The conclusion I reached was simply that it’s because not enough of us wonder about these things. We lack a culture of understanding. We lack a thought process which makes us look beyond the cover of a book. We don’t know how to empathise, to take our own decisions and to assess people through the values we create for ourselves. We lack a belief in criticism which prompts these outcomes. Essentially, the environment we are brought up in and subsequently surrounded by doesn’t allow for the time, space or awareness to introspect – just as Pablo Neruda describes.

This perhaps directs us towards looking at methods of widening the prospects and aims of education and creating awareness which allows for a more independent and individual evaluation of the world around us. Maybe once we start thinking about the structures created around us, we will be able to even determine the legitimacy of their existence and gather the power to break them down. Maybe once we start this discussion with ourselves and each other, we will be able to create structures of our own or just learn to live without restrictions and structures at all. The possibilities are endless.

In trying to create a culture of understanding and empathy, we will head towards a society where we create knowledge and inculcate wisdom. Through this we will chip away at the root cause of the rot in society. When a man is able to think about the position of the woman he just wolf-whistled at, and the Principal is able to look at a potential student as a bright mind and vibrant personality as opposed to a colour other than her own, and a mother is able to tell her daughter that the only way she can exercise her freedom is by using it to overcome every situation that she faces in life that tries to snatch it from her, it will allow us to break free of these barriers. It will allow everyone to look towards equality, reason and an understanding of what truly matters. All it takes is to think a little more.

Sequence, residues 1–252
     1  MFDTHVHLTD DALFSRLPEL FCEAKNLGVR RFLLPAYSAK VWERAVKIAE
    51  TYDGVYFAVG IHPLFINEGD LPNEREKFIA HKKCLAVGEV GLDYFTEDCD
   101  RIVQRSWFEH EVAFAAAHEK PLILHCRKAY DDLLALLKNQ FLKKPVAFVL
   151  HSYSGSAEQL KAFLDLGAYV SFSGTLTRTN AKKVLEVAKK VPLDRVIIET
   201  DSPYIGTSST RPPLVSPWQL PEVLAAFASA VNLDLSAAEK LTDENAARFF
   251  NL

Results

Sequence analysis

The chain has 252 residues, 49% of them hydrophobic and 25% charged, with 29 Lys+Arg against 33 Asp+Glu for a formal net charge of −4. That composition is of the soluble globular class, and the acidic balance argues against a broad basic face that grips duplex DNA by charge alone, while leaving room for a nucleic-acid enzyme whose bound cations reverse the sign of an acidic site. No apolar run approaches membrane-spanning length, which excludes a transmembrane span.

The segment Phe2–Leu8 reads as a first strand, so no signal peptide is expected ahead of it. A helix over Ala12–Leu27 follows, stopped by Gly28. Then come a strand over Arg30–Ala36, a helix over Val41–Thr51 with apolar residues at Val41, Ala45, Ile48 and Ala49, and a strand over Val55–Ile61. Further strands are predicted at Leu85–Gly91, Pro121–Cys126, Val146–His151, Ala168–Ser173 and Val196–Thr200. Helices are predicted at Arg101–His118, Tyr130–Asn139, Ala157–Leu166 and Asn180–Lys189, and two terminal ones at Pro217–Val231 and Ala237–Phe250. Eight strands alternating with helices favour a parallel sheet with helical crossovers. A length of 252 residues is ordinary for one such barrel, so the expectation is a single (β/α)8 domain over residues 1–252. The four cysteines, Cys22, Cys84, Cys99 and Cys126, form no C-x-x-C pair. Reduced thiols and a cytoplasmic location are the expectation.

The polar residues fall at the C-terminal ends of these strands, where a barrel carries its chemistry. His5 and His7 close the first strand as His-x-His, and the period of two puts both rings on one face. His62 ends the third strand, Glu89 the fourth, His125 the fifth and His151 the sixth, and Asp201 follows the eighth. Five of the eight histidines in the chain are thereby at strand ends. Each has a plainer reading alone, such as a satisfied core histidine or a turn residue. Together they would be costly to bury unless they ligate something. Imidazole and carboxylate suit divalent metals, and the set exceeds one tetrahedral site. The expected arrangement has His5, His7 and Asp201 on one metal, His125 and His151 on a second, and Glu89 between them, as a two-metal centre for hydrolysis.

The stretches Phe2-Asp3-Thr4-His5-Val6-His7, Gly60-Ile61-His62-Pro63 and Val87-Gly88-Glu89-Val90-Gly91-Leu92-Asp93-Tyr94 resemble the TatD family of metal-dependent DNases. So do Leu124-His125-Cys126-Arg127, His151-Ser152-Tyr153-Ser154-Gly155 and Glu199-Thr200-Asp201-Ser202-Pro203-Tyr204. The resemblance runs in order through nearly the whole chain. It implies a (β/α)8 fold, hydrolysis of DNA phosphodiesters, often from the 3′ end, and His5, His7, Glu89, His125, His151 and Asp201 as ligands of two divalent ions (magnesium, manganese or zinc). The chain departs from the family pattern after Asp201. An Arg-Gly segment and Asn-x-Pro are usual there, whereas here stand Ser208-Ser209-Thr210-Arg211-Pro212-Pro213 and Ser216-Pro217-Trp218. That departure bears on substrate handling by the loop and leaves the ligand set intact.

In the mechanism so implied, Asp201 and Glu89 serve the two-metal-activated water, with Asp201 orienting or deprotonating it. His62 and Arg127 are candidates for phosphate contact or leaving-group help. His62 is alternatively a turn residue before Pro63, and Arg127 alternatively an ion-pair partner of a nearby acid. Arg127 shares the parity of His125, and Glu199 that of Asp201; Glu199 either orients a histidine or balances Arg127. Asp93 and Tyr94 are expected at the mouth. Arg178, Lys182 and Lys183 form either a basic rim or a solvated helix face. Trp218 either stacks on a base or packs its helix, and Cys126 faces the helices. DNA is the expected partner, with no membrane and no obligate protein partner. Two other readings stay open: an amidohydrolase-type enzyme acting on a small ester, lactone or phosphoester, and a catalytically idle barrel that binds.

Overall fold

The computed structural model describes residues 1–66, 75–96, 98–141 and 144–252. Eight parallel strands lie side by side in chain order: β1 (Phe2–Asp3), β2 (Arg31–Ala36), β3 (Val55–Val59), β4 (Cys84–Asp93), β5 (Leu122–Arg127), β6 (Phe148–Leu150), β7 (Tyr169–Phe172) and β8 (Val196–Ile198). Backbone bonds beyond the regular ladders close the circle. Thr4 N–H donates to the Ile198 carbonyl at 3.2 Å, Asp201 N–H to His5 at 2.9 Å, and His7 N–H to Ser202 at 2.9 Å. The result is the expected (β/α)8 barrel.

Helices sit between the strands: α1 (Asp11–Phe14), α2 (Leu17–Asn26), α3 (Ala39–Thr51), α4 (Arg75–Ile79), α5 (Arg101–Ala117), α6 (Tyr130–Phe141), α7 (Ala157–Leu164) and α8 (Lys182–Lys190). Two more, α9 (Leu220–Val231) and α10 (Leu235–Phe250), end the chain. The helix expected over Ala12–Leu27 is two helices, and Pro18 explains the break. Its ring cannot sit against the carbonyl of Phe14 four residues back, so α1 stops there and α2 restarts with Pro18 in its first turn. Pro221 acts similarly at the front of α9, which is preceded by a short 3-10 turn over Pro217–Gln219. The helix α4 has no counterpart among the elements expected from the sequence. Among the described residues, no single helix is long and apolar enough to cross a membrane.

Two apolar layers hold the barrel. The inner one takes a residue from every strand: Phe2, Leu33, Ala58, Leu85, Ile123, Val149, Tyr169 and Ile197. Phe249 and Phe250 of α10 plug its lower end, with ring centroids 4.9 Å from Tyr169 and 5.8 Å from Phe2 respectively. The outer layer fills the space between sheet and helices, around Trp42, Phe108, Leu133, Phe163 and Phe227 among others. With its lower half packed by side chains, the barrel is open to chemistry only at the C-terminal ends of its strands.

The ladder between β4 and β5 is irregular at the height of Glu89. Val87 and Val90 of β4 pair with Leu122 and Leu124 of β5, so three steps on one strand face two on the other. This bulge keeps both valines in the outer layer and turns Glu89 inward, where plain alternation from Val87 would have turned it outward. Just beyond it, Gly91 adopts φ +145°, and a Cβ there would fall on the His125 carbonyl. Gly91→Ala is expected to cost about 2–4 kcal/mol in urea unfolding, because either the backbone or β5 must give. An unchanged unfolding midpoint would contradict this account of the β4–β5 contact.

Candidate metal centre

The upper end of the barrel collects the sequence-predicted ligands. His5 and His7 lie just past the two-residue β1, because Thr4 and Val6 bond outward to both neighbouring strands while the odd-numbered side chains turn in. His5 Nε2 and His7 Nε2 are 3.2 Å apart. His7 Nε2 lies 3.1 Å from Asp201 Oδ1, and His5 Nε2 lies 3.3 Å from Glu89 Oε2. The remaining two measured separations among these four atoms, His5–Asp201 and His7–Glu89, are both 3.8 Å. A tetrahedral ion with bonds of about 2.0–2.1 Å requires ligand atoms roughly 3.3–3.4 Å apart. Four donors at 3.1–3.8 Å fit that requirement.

But just to be poetic about this, I will leave you with his parting words and hope that you too will take them home with you:

“Now I'll count up to twelve
and you keep quiet and I will go.”

(Chitrangda Jai Singh enjoys reading fiction, travelling, and dining at quaint cafes. She spends her time whining about the intricacies of law school, immersing herself in existential crises that afflict most 19 year olds and laughing uncontrollably at the most inopportune moments. She is currently grappling with real life at Jindal Global Law School in Sonipat, Haryana).